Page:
Meat: The Turks use a lot of meat in their cooking, and we often saw combinations of ground meat and vegetables (beans with ground meat, spinach with ground meat). There is also a lot of chicken and lamb, and because Turkey is a Muslim country, pork plays almost no role in Turkish cuisine. Kebabs are very common too, and they are served grilled or skewered, but can also be found in stews. The meat often comes mostly unseasoned and the portions are smaller than the typical meat portion in the U.S. Doner Kebab is a popular street food. It is a roll of roasted meat on a vertical spit, and it is usually either beef, chicken, or lamb.
Fish: There is a heavy emphasis placed on fresh and local seafoodl, and it is almost always served as a whole fish with bones. It is usually very lightly seasoned and is served with a lemon (the lemon is crucial to help further season the fish).
Produce: Salads, often consisting of lettuce, tomato, and cucumber are very commonly served as a side dish. Tomato, cucumber, eggplant, and green runner beans are vegetables that are commonly found in mezes. Fig, dates, and dried fruits are prevalent as well. We noticed that the produce tastes much better than in the U.S.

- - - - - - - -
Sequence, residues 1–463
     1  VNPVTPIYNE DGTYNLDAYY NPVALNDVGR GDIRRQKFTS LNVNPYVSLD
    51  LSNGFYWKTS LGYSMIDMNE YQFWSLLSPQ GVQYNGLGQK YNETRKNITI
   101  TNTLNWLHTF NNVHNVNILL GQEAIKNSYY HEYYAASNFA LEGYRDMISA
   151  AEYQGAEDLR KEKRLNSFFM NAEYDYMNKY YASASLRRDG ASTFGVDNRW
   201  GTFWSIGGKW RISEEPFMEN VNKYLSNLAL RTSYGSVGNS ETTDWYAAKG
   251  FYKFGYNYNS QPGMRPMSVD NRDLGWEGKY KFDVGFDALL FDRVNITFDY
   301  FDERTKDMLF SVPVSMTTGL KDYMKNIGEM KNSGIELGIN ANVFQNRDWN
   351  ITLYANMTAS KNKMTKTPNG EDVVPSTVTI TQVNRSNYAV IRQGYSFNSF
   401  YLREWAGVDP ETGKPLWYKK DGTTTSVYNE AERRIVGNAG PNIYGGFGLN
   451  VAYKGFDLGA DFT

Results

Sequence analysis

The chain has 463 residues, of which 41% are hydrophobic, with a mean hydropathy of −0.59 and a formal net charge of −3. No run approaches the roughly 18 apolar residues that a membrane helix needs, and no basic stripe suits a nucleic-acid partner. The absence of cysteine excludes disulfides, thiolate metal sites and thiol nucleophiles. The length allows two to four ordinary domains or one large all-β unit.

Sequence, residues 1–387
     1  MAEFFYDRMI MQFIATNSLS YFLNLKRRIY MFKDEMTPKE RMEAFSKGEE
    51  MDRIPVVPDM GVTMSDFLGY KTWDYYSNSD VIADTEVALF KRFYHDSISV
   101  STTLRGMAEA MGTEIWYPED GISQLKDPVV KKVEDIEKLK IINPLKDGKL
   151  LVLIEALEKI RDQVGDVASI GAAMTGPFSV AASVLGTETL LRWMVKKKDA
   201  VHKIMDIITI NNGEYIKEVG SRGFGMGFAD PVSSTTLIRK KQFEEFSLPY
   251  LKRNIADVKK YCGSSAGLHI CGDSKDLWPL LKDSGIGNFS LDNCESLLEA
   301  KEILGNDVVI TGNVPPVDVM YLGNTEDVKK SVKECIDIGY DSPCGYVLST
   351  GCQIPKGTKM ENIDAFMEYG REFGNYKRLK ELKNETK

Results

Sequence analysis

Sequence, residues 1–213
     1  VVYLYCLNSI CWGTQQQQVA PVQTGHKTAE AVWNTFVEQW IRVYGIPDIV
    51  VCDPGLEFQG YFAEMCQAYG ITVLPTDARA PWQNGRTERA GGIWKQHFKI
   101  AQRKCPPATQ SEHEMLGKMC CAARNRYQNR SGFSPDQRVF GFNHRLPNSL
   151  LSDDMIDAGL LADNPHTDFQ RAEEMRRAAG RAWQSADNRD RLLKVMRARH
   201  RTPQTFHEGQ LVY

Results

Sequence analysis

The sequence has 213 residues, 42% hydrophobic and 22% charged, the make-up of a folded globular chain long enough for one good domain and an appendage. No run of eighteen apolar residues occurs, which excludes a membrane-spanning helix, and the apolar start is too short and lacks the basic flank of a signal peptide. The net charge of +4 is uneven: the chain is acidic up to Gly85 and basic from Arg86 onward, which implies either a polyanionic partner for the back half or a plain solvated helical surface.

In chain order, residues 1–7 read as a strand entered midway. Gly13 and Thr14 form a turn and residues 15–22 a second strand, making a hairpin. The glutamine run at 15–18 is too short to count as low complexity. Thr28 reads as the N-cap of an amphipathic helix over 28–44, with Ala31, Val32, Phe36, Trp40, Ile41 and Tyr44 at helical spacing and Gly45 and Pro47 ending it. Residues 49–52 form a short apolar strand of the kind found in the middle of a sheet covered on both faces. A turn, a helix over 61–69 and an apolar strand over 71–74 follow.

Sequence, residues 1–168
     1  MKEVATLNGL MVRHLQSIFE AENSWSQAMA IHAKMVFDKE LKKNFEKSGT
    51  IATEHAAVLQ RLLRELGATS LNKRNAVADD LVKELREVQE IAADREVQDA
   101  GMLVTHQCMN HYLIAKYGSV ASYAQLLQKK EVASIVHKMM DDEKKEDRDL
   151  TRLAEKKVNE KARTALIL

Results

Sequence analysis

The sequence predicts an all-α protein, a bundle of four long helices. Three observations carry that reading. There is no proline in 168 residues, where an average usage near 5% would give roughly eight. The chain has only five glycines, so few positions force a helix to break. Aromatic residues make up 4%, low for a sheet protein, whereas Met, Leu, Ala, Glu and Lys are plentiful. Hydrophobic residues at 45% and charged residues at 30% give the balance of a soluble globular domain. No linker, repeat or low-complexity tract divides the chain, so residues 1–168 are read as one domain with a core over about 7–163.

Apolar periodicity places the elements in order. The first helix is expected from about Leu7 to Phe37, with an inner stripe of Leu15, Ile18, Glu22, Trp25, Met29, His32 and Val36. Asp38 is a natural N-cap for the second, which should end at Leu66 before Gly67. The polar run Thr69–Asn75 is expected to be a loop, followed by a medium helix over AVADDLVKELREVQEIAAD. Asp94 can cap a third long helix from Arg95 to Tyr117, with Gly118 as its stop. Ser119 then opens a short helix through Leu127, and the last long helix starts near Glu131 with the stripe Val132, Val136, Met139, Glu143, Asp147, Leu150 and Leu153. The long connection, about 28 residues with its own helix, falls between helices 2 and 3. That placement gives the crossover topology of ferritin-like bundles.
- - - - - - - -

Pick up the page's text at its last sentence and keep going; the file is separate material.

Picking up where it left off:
Dessert: Turkey specializes in certain dough-based desserts, such as baklava and kunafeh, and they also produce a huge variety of Turkish delight (candy made of starch and sugar, and which often contain different types of chopped nuts bound by the starchy gel).
Presence of Other Cuisines: We noticed there was very little cusisine other than Turkish cuisine. There was an occasional Asian restaurant, but Asian restaurants and other international cuisines did not have a strong presence in the country. Turkey is very proud of their cuisine to say the least.
Challenges: Many of the vegetarian dishes include beans, and the occasional use of raw vegetables, whole grains (i.e. bulgur), and nuts made it difficult for Marnina to sample some of the mezes and main dishes. Sesame seeds are also commonly found on breads. Many of the Turkish desserts are made with figs, dates, and nuts, and they are also very heavy (lots of desserts with phyllo dough). The most common form of Turkish Delight is full of nuts, wich was very limiting for Marnina.
Israeli cuisine incorporates Middle Eastern and Mediterranan cusisines, with such foods as falafel, hummus, shakshouka, couscous, and pita. Olives, chickpeas, certain grains, beans, dairy products, fish and veggies such as tomatoes, eggplants, and zucchini are promiment in Israeli cuisine too. Lots of fresh herbs and spices are used to enhance the tastes of the main ingredients. Common herbs and spices include mint, lemon, garlic, and rosemary. Similar to Turkey, mezes are common, and in Israel they often consist of a number of small dishes: cheese, nuts, various salads and dips, hummus, pickles, and also more substantial items, such as grilled meats.
Bread: Israelis love their pita and laffa, which are generally very soft and fresh. Pita and laffa are really used as a vehicle to eat other foods, but the bread is tasty by itself too. The Israeli version of a bagel is long and oblong-shaped, and covered in za’atar or sesame seeds.